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Sharing IoT data from projects are vital for your growth

Strategic sharing of IoT data will yield big innovations in related market

Introduction 

The generated volume of IoT data is projected to transcend our expectations in ways we cannot imagine right now. Projects where large companies are targeting their market, but also the new ones with newly created relationships and joint ventures are giving us the image that IoT market is an interesting one to invest in. As we live in the 4th industrial revolution where information already becomes an "asset" that generate revenues, sharing data is both good for market recognition and building the company's image. 

Market insights

It's good to take a look at insights that Zebra Technologies' (endpoint devices specialists) created for 2019 [1]:

  • Enterprises increased their investments in IoT by 4 % in 2018 over 2017, spending an average of $4.6 million this year,
  • 38 % of enterprises have company-wide IoT deployments in production today,
  • 84 % of enterprises expect to complete their IoT implementations within two years,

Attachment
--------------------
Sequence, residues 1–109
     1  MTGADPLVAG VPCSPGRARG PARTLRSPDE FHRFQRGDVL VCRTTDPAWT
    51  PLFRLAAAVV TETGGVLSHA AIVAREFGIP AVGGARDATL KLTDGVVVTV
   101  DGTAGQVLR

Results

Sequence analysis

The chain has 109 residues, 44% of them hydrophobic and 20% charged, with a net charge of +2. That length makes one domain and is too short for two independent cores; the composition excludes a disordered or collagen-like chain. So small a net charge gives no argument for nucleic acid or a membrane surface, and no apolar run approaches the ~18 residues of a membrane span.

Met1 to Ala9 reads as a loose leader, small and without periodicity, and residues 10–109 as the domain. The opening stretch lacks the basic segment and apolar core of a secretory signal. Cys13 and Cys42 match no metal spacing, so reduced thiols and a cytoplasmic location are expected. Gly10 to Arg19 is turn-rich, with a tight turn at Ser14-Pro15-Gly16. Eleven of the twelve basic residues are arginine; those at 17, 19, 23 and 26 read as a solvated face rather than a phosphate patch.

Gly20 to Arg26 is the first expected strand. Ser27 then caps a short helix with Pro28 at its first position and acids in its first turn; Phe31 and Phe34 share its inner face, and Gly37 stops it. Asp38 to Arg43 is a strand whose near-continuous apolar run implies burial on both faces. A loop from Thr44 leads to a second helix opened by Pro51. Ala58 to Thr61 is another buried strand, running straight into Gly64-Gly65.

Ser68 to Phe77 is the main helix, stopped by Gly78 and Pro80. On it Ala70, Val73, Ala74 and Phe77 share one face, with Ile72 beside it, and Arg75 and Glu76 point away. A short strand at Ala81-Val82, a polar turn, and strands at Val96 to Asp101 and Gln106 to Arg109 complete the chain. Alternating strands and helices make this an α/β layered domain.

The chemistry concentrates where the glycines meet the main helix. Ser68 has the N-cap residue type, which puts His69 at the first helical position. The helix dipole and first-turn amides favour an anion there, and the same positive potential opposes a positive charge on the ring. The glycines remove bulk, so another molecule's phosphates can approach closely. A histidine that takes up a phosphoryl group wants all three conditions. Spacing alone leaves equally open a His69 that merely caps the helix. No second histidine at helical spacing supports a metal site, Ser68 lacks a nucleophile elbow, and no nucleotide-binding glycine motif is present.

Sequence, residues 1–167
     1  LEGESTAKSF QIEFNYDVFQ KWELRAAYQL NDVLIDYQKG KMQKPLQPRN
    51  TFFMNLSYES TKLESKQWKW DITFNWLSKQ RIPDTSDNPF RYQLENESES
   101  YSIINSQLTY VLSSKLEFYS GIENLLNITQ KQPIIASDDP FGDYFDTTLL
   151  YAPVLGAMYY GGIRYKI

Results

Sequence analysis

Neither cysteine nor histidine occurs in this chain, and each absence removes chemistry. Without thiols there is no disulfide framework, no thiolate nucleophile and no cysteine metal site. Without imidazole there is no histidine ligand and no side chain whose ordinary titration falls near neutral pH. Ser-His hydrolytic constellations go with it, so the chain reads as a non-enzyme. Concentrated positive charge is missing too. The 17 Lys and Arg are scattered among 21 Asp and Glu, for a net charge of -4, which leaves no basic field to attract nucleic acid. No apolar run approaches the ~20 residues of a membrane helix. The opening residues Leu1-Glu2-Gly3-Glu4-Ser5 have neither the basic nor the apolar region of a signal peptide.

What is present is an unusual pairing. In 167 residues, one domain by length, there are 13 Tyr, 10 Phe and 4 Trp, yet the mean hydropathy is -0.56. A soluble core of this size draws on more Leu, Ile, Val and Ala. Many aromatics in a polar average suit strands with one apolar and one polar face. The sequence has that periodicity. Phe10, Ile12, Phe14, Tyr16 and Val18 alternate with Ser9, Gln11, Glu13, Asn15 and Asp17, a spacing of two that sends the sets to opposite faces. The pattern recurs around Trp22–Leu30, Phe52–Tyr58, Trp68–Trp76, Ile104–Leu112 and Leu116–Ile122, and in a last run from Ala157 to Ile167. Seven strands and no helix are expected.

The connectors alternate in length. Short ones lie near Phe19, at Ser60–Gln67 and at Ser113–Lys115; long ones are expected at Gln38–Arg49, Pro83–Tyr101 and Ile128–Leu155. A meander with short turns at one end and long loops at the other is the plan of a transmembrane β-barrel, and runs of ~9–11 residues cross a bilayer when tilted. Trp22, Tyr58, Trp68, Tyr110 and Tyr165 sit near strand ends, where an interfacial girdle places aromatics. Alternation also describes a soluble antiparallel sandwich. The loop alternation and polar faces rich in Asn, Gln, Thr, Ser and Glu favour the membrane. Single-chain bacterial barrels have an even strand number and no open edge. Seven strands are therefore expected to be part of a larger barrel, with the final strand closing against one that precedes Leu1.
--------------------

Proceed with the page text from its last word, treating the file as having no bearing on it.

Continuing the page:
• 82 % of enterprises share information from their IoT solutions with employees in real time or near real time.

The value of this insight may be potentially massive, but we need to be aware that much of generated IoT data is stil raw and unprocessed. Such "asset" is not ready to generate revenues in a short time and the fastest way to get to that point is SHARING. Why is that? As the famous quote states "Great minds think alike" - working with others is one of the fastest way to learn, because we share so needed lessons. Also, if your company doesn't have data analytics, intelligent algorithms, let alone machine learning and AI, the collaboration with others like you is a way to go. In short, data exchanges help companies discover, sort and take advantage from the growing wealth of data.

Going beyond the merely data